STD Myths That You Thought Were True: Part 1

Blog post by Remy F.

STD MYTH: If I use birth control, I don’t need to worry about STDs, right?

Birth control, such as the pill, patch, the ring, Depo/the shot, and the IUD are excellent ways to prevent pregnancy, but they do not protect against sexually transmitted diseases. The only method of protection against both STDs and pregnancy is the (male or female) condom. Check out this video created by one of our TeenSource Peer Educators for the correct way to use a male condom.

STD MYTH: If my partner or I had an STD, I could tell by just looking.

Some STDs have no physical symptoms. Many STDs, like Chlamydia, can be what we call "asymptomatic" meaning they don't show symptoms, so it's possible to have an STD and not know it. The best way to know if you have an STD is to go get tested, and while you’re at it, why not make it a date and take your partner? Get dinner, get tested, and catch the latest movie out in theaters. You'll both feel better knowing if you are STD free! To find a clinic near you, check out our clinic finder.

STD MYTH: Only cheaters, players, and “trashy” people get STDs.

STDs don’t discriminate. Many people assume that only cheaters, players, or people who have lots of sex partners can get STDs. Actually, STDs are very common, especially among teens and young adults. It is recommended that all sexually active young women, regardless of their number of sex partners, should get tested every year for Chlamydia, and also for Gonorrhea if they have new or multiple sex partners. Since young people are at a higher risk for STDs, it's a good idea for everyone who is sexually active to get tested on a regular basis.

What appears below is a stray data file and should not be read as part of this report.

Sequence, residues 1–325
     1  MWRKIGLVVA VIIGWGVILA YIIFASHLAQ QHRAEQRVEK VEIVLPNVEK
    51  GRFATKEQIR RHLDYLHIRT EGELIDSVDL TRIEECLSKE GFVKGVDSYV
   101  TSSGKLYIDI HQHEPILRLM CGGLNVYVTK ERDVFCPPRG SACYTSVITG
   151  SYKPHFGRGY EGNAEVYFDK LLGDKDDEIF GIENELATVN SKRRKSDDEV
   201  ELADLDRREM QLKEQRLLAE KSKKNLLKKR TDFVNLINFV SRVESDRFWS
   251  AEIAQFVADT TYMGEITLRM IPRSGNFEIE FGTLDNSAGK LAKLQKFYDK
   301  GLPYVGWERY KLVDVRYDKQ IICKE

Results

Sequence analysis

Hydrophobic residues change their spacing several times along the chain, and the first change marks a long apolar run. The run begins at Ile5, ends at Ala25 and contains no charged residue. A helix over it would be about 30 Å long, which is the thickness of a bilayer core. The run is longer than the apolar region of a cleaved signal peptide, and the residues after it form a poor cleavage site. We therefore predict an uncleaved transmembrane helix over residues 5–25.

STD MYTH: If I needed to get tested for STDs, my doctor would tell me and then test me.

Doctors sometimes forget to tell you about a check-up or procedure that you should get. Your primary care doctor might not tell you about the importance of getting an STD test because they don't know it's recommended for someone in your age group or because they haven't asked you about your sexual activity. The best way to make sure you are healthy and safe is to talk with your doctor about your health behavior, including your sexual activity.

In the state of California, you have the right to consent to sexual and reproductive health care services at age 12 and older. If you are not comfortable talking to your regular doctor about sex, you can go directly to an STD or family planning clinic and be guaranteed affordable and confidential services. Know your rights in California, and be proactive about your health!